• REPORTSCO2 may reach 10 m/s under the ice slab, which channels just barely detectable on the stoss side of processes, frozen CO2 could abet mass movementis enough to mobilize loose grains of sand the dune may be gas conduits to the dune brink through overloading on the dune face to cause[supporting online material (SOM) text]. Tiny (Fig. 2, blue arrow). In addition to sublimation avalanching; chunks of ice are seen at the bottom of the slipface in Fig. 2. Sublimating CO2 gas permeating the uppermost level of the sand may reduce its cohesion. We analyzed five of the dunes shown in Fig. 2 in order to quantify advancement of the dune slipface foot. The offset in contact between the lee edge and the underlying patterned ground was measured in two co-registered ice-free im- ages (Fig. 4). Differences ranged from 2.2 to 4.7 m, with an average of 3.3 m/year. In three of the five dunes, there were changes in the stoss position. Unlike the lee foot slope, the stoss margin both advanced and retreated in two of the dunes, with the third showing just advancement. Average advance rates ranged Downloaded from www.sciencemag.org on February 4, 2011 Activity from 0.7 to 1.4 m/year, with retreat ranging from Cracks 0.4 to 2 m/year. For the three dunes on which we measured stoss and lee changes, 7 to 14 ripplesFig. 3. This series acquired at 83.5N, 118.5 E illustrates sublimation activity and the redistribution of on the edges of the dunes advanced between 0.7sand on the slipface. North is down in all images; sunlight is coming from the upper right. Slipfaces are to 1.6 m, which is comparable with rates of duneoriented to the south in this dune field. (A) This subimage taken 15 September 2008 at Ls = 127.4 in the ripple migration in Nili Patera (30). These resultsfirst year of HiRISE monitoring shows the ice-free dune. (B) A subimage acquired in the second year of indicate that both wind and CO2 sublimation playHiRISE monitoring, 1 June 2010 at Ls = 98.7 after seasonal ice has sublimed, shows two new grainflows onthe dune. (C) 14 January 2010 frosted subimage at Ls = 37.6 shows that sand has moved part of the way a role in transporting sand on the dunes. The ex-down the dune and appears to be blocked by a thin ledge of bright ice. Visible are cracks in the ice along pansion of the stoss slope in some places sug-the brink of the dune on the left side. Dark material on the stoss side of the dune may be patches of thin gests that winds are not unidirectional.ice or dune material blown backward by the sublimation gas flow. (D) 5 February 2010, subimage at Ls = Mars’ northern hemisphere dunes may contain47.7 shows that sand has moved further down the slipface. Other smaller slides are initiated at the crack large amounts of water ice internally, but the upperin the ice along the brink of the dune. (E) 28 February 2010, Ls = 57.7. Sand has now started to 6 to 25 cm of sand are expected to be desiccated ifaccumulate at the foot of the slope, and other streaks are lengthening. the water ice is in vapor-diffusive equilibrium withFig. 4. The dune margin inMY29 image PSP_008968_2650at 84.7°N, 0.7°E is comparedwith MY30 ESP_017895_2650.Fig. 5. The white arrowspoint to a location onthe brink of this dune at84°N, 233°E that had noalcove in the first year ofHiRISE operation (MY29)and experienced sublima-tion activity (middle), whichresulted in the new alcoveand fan (with total lengthof 120 m) in MY30. Thelayer of newmaterialform-ing the apron is very thin;the original ripples havenot been completely buried.Degradation of gullies isalso occurring, as adjacentalcoves are being filled in,and ripples are already forming in the alcoves. www.sciencemag.org SCIENCE VOL 331 4 FEBRUARY 2011 577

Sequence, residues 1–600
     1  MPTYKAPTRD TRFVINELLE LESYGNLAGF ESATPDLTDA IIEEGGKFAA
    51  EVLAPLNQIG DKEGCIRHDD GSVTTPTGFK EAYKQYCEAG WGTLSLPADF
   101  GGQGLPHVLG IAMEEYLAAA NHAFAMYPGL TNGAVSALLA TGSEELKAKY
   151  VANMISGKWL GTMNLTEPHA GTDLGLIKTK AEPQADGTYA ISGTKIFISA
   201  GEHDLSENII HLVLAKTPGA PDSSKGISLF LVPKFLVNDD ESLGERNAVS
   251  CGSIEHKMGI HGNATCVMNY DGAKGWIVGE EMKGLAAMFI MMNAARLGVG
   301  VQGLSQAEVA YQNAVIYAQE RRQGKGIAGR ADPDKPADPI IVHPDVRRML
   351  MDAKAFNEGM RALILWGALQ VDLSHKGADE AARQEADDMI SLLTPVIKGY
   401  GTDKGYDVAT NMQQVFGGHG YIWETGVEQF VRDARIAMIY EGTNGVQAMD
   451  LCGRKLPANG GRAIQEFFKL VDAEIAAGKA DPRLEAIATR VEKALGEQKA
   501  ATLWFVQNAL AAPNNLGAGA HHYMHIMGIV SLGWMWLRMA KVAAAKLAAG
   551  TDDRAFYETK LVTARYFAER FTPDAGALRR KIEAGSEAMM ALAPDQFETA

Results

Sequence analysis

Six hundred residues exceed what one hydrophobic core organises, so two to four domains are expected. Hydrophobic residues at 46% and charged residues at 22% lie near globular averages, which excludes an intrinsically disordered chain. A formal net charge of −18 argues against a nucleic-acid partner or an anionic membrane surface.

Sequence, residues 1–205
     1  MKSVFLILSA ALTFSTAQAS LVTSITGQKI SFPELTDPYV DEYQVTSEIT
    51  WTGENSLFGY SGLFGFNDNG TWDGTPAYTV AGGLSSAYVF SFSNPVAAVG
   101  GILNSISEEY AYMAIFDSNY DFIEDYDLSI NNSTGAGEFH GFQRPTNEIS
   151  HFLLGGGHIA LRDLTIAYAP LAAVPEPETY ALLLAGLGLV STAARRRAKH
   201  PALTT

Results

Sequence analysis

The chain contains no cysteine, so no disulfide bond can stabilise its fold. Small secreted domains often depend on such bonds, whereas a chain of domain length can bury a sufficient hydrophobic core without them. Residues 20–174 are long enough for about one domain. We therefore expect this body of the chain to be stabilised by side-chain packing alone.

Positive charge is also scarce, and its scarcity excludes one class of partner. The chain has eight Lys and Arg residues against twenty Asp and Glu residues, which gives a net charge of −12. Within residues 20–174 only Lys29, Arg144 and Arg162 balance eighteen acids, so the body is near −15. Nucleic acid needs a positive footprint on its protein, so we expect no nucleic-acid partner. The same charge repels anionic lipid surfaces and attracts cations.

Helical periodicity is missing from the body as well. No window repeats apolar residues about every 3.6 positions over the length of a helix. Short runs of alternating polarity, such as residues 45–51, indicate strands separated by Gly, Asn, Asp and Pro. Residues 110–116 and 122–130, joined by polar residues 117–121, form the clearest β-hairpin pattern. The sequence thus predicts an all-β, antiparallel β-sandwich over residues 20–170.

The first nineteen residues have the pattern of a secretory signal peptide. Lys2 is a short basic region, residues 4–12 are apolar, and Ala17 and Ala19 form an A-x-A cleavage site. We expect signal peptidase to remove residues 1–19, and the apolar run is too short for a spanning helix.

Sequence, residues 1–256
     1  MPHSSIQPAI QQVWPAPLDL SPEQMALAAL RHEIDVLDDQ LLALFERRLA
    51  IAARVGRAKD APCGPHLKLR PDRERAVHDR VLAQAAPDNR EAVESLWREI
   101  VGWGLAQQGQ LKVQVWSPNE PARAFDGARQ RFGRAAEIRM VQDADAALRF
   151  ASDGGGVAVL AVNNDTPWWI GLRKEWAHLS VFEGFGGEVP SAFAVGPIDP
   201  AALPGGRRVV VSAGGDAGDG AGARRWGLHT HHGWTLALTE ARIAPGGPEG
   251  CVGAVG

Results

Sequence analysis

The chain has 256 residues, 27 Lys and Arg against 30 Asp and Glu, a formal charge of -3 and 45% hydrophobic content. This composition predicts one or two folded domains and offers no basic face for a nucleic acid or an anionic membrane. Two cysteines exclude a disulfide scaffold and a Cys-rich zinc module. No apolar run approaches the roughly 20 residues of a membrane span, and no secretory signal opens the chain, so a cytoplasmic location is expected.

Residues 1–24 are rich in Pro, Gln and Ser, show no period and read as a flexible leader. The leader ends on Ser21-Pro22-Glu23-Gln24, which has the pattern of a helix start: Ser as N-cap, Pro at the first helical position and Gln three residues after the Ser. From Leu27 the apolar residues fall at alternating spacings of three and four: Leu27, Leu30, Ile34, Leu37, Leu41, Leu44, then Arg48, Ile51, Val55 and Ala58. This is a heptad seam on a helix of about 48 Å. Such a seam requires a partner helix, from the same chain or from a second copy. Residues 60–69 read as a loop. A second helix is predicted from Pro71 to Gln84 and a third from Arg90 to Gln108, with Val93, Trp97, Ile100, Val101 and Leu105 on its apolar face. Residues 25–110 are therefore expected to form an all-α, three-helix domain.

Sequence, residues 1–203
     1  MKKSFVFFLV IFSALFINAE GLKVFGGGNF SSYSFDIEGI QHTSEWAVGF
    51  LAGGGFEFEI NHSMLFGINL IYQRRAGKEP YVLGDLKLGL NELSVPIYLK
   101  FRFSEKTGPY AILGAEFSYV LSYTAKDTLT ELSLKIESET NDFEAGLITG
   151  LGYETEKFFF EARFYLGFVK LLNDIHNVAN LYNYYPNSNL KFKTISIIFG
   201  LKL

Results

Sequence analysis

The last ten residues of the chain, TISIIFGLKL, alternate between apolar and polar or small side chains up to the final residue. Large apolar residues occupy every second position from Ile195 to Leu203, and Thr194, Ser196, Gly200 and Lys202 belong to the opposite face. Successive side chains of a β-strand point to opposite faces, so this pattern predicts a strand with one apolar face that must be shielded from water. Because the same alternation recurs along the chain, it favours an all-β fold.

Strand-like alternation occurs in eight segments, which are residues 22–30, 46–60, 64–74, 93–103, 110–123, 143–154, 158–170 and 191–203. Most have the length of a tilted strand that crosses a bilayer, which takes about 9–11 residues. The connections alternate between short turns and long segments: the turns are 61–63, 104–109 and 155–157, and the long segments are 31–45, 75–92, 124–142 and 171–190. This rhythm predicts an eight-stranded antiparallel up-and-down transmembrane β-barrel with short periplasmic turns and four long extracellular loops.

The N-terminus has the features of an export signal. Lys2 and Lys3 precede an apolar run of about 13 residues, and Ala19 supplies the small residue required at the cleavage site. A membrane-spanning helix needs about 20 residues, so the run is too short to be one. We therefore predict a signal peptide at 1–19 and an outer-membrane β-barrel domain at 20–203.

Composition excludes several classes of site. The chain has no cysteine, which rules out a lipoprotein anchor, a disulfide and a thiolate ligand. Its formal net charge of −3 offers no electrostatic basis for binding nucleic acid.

• REPORTS the atmosphere (31, 32). The style of activity dune form is an active process under the current 20. E. Gardin, P. Allemand, C. Quantin, P. Thollot, imaged requires that the observed slipfaces are not martian climate. J. Geophys. Res. 115 (E6), E06016 (2010). 21. C. M. Dundas, A. S. McEwen, S. Diniega, S. Byrne, strongly ice-cemented within the erosion depths. S. Martinez-Alonso, Geophys. Res. Lett. 37, L07202 Some of the new grainflow alcoves have widths of References and Notes (2009). tens of meters and have recessed in excess of 10 m 1. M. R. Balme, D. Berman, M. Bourke, J. Zimbelman, 22. H. H. Kieffer, Lunar and Planetary Institute contribution into the brink. This implies transport of hundreds Geomorphology 101, 703 (2008). 1057 (2000). 2. J. F. McCauley et al., Icarus 17, 289 (1972). 23. S. Piqueux, P. R. Christensen, J. Geophys. Res. 113 (E6), of cubic meters of sand (fig. S1). Even intermediate- E06005 (2003). sized gullies such as that in Fig. 5 require movement 3. J. A. Cutts, R. S. U. Smith, J. Geophys. Res. 78, 4139 (1973). 4. H. Tsoar, R. Greeley, A. R. Peterfreund, J. Geophys. Res. 24. O. Aharonson, 35th Lunar and Planetary Science of tens of cubic meters of sediment. 84 (B14), 8167 (1979). Conference, 15 to 19 March 2004, League City, TX, abstr. The reworking of older gully alcoves by aeolian 5. A. W. Ward, K. B. Doyle, Icarus 55, 420 (1983). 1918 (2004). 25. H. Kieffer, J. Geophys. Res. 112 (E8), E08005 (2007). ripples is shown in Fig. 5. The recovery rate of the 6. M. C. Bourke, K. Edgett, B. Cantor, Geomorphology 94, 26. S. Piqueux, P. R. Christensen, J. Geophys. Res. 113 (E6), slipface and the existence of smooth slopes (no 247 (2008). 7. M. C. Bourke et al., Proc. Lunar Planet. Sci. Conf. 40, E06005 (2008). grainflows) suggests that grainflow formation and 1748 (2009). 27. C. J. Hansen et al., Icarus 205, 283 (2010). remobilization of sediment by wind may be ap- 8. V. Schatz, H. Tsoar, K. S. Edgett, E. J. R. Parteli, 28. N. Thomas, C. J. Hansen, G. Portyankina, P. S. Russell, Icarus 205, 296 (2010). proximately in equilibrium on a multiyear time H. J. Herrmann, J. Geophys. Res. 111 (E4), E002514 (2006). 9. In this paper, we use “frost” and “ice” somewhat 29. G. Portyankina, W. J. Markiewicz, N. Thomas, scale, although relative rates could vary annually. C. J. Hansen, M. Milazzo, Icarus 205, 311 (2010). interchangeably. Martian snow has been shown to The seasonal-scale frequency of these two processes increase in density as the winter season progresses (34), 30. S. Silvestro et al., Second International Dunes demonstrates active sediment transport on polar so usage of this terminology transitions from one to Conference, LPI Contributions, 1552, 65 (2010). Downloaded from www.sciencemag.org on February 4, 2011 dunes in the current martian climate. Whether they the other. Readers are encouraged to understand the 31. M. Mellon et al., J. Geophys. Res. 114, E00E07 use of either term to be synonymous with “seasonally (2009). indicate migration of martian dune forms or simply 32. N. Putzig et al., Proc. Lunar Planet. Sci. Conf. 41, condensed volatile.” represent the crestline maintenance of nonmobile 1533 (2010). 10. M. Malin, K. Edgett, J. Geophys. Res. 106 (E10), 23429 dunes can only be determined with future multiyear (2001). 33. R. Hayward et al., J. Geophys. Res. 112 (E11), observations. 11. C. J. Hansen et al., Bull. Am. Astron. Soc. 40, 409 E11007 (2007). (2008). 34. K. Matsuo, K. Heki, Icarus 202, 90 (2009). In locations where wind energy is insufficient 35. Ls is the true anomaly of Mars in its orbit around the sun, to reconstitute grainflow scars, modification of 12. The numbering of Mars years was defined to facilitate comparison of data sets across decades and multiple Mars measured from the martian vernal equinox, used as a measure dune form should ensue. With an estimated sed- missions. Year 1 started 11 April 1955. of the season on Mars. Ls = 0 corresponds to the beginning of iment transport that delivers tens to hundreds of 13. A. McEwen et al., J. Geophys. Res. 112 (E5), E002605 northern spring; Ls = 180 is the beginning of southern spring. 36. This work was partially supported by the Jet Propulsion cubic meters of sand in one Mars year to the dune (2007). Laboratory, California Institute of Technology, under a foot slopes, the initial modification of dune form 14. A. Kereszturi et al., Icarus 201, 492 (2009). 15. A. Kereszturi et al., Icarus 207, 149 (2010). contract with NASA. would be rapid. Resulting dune morphologies 16. D. Möhlmann, A. Kereszturi, Icarus 207, 654 (2010). would have rounded crests, no brinks, and long, 17. C. Hansen et al., Proc. Lunar Planet. Sci. Conf. 41, Supporting Online Material www.sciencemag.org/cgi/content/full/331/6017/575/DC1 low-angle footslopes. This mechanism may ex- 1533 (2010). 18. M. C. Malin, K. Edgett, NASA/JPL Planetary Photojournal, SOM Text plain some of the unusual dune forms reported Fig. S1 http://photojournal.jpl.nasa.gov/, catalog no. PIA04290 on Mars (33). However, because the majority of (2005). References Mars’ north polar dunes do not assume this mor- 19. S. Diniega, S. Byrne, N. T. Bridges, C. M. Dundas, 10 September 2010; accepted 10 January 2011 phology, we suggest that maintenance of the A. S. McEwen, Geology 38, 1047 (2010). 10.1126/science.1197636 crisis, linking environmental variability to human 2500 Years of European Climate history is still limited by the dearth of high- resolution paleoclimatic data for periods earlier than Variability and Human Susceptibility 1000 years ago (12). Archaeologists have developed oak (Quercus spp.) ring width chronologies from central Europe Ulf Büntgen,1,2* Willy Tegel,3 Kurt Nicolussi,4 Michael McCormick,5 David Frank,1,2 that cover nearly the entire Holocene and have Valerie Trouet,1,6 Jed O. Kaplan,7 Franz Herzig,8 Karl-Uwe Heussner,9 Heinz Wanner,2 used them for the purpose of dating archaeolog- Jürg Luterbacher,10 Jan Esper11 ical artifacts, historical buildings, antique artwork, and furniture (13). The number of samples contrib- Climate variations influenced the agricultural productivity, health risk, and conflict level of uting to these records fluctuates between hundreds preindustrial societies. Discrimination between environmental and anthropogenic impacts on past civilizations, however, remains difficult because of the paucity of high-resolution paleoclimatic 1 evidence. We present tree ring–based reconstructions of central European summer precipitation Swiss Federal Research Institute for Forest, Snow and Land- and temperature variability over the past 2500 years. Recent warming is unprecedented, but scape Research (WSL), 8903 Birmensdorf, Switzerland. 2Oeschger Centre for Climate Change Research, University of Bern, 3012 modern hydroclimatic variations may have at times been exceeded in magnitude and duration. Wet Bern, Switzerland. 3Institute for Forest Growth, University of Freiburg, and warm summers occurred during periods of Roman and medieval prosperity. Increased climate 79085 Freiburg, Germany. 4Institute of Geography, University of variability from ~250 to 600 C.E. coincided with the demise of the western Roman Empire and the Innsbruck, 6020 Innsbruck, Austria. 5Department of History, turmoil of the Migration Period. Such historical data may provide a basis for counteracting the Harvard University, Cambridge, MA 02138, USA. 6Laboratory of Tree-Ring Research, University of Arizona, Tucson, AZ 85721, recent political and fiscal reluctance to mitigate projected climate change. USA. 7Environmental Engineering Institute, É Polytechnique cole Fédérale de Lausanne, 1015 Lausanne, Switzerland. 8Bavarian ontinuing global warming and its poten- past civilizations have been associated with envi- State Department for Cultural Heritage, 86672 Thierhaupten, C tial associated threats to ecosystems and human health present a substantial chal- lenge to modern civilizations that already experience ronmental change, mainly due to effects on water supply and agricultural productivity (5–9), hu- man health (10), and civil conflict (11). Although Germany. 9German Archaeological Institute, 14195 Berlin, Germany. 10 Department of Geography, Justus Liebig University, 35390 Giessen, Germany. 11Department of Geography, Johannes Gutenberg Uni- versity, 55128 Mainz, Germany. many direct and indirect impacts of anthropo- many lines of evidence now point to climate forc- *To whom correspondence should be addressed. E-mail: genic climate change (1–4). The rise and fall of ing as one agent of distinct episodes of societal buentgen@wsl.ch578 4 FEBRUARY 2011 VOL 331 SCIENCE www.sciencemag.org